Shaik wants presidential pardon
Cape Town - Convicted fraudster Schabir Shaik applied for a presidential pardon in April last year, the DA said on Monday.
The presidency had confirmed to the DA that it had indeed received an application from Shaik, for a presidential pardon, on April 24, 2008, DA spokesperson James Selfe said.
However, the presidency could not confirm the status of that application.
"If President [Jacob] Zuma grants this application it will constitute a decisive step toward the complete corruption of the South African soul," Selfe said.
Shaik's conviction constituted a rare victory for the South African justice system in the fight to keep "a relentless ruling party, which is determined to bend the rule of law to its own will, at bay".
If his actions were pardoned, it would signify to the South African public that, even when the justice system prevailed, its impact was undermined, its ruling negated, and its meaning subverted.
"Under no circumstances must the president consider this application. He must be open with the South African public and immediately deny that he will grant Mr Shaik's application.
"Not to do so would [cause] further speculation and fuel the perception that he is looking on this request favourably," Selfe said.
Regulations required that an individual wanting to apply for a presidential pardon should first apply to the justice minister. That application was then forwarded on to the presidency.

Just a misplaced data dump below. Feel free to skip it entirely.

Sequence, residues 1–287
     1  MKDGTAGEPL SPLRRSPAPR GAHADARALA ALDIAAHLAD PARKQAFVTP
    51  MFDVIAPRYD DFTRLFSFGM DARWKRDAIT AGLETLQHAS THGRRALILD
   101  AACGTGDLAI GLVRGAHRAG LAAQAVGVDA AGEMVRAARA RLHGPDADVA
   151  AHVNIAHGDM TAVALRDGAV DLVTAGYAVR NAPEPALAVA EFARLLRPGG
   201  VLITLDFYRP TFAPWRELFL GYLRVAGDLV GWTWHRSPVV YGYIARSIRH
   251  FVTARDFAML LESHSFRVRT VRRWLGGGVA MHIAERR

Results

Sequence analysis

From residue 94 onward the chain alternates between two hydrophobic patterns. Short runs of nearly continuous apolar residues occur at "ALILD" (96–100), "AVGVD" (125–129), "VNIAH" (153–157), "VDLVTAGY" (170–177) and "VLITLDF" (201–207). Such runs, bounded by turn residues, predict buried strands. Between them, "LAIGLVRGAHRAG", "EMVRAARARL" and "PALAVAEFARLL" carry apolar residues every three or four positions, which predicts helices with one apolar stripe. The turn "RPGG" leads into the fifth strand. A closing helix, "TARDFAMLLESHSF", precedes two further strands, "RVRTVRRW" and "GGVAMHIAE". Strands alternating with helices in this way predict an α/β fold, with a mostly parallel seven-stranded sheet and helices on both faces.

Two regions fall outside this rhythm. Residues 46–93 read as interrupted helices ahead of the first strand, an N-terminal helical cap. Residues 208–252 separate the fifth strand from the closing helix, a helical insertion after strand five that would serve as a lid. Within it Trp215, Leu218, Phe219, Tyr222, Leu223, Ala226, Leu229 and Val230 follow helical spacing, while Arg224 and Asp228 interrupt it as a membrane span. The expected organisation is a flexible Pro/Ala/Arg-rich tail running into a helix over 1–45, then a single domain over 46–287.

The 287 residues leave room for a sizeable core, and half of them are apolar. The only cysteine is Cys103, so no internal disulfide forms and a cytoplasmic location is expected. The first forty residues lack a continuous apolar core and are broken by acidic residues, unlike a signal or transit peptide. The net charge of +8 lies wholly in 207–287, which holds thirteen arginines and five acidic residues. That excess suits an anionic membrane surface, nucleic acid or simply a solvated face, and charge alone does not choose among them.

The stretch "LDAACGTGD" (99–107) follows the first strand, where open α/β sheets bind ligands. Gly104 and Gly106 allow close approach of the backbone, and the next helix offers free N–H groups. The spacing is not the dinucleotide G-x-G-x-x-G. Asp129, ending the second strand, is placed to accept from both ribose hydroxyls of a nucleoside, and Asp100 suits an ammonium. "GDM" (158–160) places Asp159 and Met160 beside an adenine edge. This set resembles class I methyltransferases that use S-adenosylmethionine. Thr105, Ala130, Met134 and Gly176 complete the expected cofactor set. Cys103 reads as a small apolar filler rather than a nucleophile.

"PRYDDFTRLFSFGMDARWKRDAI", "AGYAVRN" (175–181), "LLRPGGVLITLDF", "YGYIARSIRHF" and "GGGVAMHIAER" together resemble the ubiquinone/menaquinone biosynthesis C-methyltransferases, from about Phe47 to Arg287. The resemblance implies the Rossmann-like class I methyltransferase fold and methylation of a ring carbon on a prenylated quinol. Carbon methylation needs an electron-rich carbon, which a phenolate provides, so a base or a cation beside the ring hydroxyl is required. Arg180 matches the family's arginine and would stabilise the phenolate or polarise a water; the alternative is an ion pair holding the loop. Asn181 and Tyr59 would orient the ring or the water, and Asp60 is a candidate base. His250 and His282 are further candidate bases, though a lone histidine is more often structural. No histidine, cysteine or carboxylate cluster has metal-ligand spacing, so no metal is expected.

This had to happen because the justice department was responsible for motivating to the presidency either in favour of or in opposition to the application.
It thus appeared that the justice department had already considered or was in the process of considering Shaik's application.
The law also stated that an applicant should meet certain criteria to qualify - he should have served a significant part of his sentence, for example, or have shown remorse for his crime.
"Schabir Shaik has demonstrated none of these things. If anything his sentence was farcical," he said.
"Schabir Shaik and those loyal to him in the ANC government have done everything in their power to dilute the effect of his sentence and undermine the impact of the guilty judgment handed down against him.
"For Shaik to be pardoned, would be a travesty of justice, and would further highlight the ANC government's utter disrespect for the constitutional principle of the rule of law," Selfe said.